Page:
The John Robert Doyle, Jr., Prize
Like lavender transplanted
to a far-from-Mediterranean
climate, rotting among too much
greening, under the asymmetry
of birch clumps, in a mountain
vocabulary fraught with blossoming—
unlike the savvy daffodils,
expert in the art of popping up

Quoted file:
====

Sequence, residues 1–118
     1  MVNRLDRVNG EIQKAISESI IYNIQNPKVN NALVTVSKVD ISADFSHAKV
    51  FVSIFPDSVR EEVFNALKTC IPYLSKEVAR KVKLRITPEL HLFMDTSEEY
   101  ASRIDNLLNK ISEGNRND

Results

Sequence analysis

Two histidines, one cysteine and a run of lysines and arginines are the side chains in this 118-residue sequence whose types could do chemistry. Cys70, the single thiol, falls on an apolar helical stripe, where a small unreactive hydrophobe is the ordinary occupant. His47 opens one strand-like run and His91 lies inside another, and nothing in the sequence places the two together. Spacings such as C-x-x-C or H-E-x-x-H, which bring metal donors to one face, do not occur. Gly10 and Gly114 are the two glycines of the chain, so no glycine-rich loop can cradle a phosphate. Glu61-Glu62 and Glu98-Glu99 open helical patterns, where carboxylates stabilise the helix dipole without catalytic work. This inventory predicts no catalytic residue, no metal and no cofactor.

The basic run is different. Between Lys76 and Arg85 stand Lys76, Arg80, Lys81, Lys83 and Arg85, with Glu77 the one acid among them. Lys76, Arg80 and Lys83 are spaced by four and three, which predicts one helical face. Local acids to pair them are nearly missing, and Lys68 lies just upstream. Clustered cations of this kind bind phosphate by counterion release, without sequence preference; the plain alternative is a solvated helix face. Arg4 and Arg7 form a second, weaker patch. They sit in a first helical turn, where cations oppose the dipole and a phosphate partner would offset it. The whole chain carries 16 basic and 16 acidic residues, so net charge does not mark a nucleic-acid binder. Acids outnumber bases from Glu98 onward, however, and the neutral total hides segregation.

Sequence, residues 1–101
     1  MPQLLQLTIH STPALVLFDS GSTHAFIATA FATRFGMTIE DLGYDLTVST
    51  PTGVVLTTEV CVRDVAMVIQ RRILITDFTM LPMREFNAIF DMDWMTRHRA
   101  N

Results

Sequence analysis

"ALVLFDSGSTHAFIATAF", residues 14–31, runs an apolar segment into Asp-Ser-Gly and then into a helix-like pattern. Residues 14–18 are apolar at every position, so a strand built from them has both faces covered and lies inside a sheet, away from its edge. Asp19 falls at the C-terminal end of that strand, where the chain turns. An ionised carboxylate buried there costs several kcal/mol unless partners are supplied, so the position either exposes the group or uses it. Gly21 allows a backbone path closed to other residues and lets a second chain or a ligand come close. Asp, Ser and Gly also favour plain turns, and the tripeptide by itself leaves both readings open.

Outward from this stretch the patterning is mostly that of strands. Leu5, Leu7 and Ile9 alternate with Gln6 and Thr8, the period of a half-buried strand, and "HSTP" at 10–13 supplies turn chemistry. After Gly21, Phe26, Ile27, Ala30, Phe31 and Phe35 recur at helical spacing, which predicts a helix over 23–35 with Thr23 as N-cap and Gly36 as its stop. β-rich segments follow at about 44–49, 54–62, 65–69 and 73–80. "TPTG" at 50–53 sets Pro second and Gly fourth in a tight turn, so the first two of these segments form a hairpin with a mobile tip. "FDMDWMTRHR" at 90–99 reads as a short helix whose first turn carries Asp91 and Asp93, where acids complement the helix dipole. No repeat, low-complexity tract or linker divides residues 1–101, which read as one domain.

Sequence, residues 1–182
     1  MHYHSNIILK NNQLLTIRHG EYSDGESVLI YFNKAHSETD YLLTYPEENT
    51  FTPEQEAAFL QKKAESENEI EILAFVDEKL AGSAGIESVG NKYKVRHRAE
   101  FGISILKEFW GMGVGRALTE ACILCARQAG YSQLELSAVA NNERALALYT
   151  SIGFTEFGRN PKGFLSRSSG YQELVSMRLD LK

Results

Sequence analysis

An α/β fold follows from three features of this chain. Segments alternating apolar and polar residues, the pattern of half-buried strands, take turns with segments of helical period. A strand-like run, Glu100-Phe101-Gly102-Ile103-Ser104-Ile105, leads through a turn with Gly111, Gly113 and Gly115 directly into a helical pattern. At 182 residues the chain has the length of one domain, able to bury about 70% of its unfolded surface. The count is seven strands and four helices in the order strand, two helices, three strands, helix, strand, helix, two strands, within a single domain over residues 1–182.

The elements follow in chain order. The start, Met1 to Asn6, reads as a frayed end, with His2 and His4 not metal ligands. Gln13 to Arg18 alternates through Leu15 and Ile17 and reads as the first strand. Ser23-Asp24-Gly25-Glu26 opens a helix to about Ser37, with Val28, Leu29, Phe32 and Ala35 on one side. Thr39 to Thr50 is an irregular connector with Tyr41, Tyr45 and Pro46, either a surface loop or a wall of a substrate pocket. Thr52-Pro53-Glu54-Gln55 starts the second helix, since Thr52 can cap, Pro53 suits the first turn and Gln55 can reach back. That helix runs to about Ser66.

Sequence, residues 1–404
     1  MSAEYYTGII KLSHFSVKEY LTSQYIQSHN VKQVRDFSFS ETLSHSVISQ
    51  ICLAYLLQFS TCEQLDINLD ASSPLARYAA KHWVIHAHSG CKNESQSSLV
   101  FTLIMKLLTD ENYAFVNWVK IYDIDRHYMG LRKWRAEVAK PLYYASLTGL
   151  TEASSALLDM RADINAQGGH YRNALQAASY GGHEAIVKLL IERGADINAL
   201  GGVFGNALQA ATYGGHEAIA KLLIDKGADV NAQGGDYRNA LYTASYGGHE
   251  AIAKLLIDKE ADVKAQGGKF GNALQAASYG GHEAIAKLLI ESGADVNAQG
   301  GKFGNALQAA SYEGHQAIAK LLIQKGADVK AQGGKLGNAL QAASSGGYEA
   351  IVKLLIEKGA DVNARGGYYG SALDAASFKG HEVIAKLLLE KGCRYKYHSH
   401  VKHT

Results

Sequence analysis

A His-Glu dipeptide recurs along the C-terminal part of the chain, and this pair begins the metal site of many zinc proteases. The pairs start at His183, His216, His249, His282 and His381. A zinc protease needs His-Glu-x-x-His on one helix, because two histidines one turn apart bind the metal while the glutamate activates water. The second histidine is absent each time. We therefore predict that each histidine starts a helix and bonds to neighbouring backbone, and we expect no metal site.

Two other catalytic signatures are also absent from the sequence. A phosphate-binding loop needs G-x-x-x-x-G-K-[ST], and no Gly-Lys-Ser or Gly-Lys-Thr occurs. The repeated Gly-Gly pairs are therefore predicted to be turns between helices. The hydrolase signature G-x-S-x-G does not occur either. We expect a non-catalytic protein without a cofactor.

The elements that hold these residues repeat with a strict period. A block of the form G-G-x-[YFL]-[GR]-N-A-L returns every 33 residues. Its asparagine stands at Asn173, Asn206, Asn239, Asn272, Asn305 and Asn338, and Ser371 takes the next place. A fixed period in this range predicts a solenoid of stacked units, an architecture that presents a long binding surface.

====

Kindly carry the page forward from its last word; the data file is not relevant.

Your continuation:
in inadequate hours of sunlight
under a woolen hat of cloud cover.
It’s never not like this for them—
their blooms cold, cut and sold
to pay for the bulbs, sullen
in the promising dark.
There’s always been enough
darkness to surround good
beginnings, enough nothing,
enough checkmate and echo.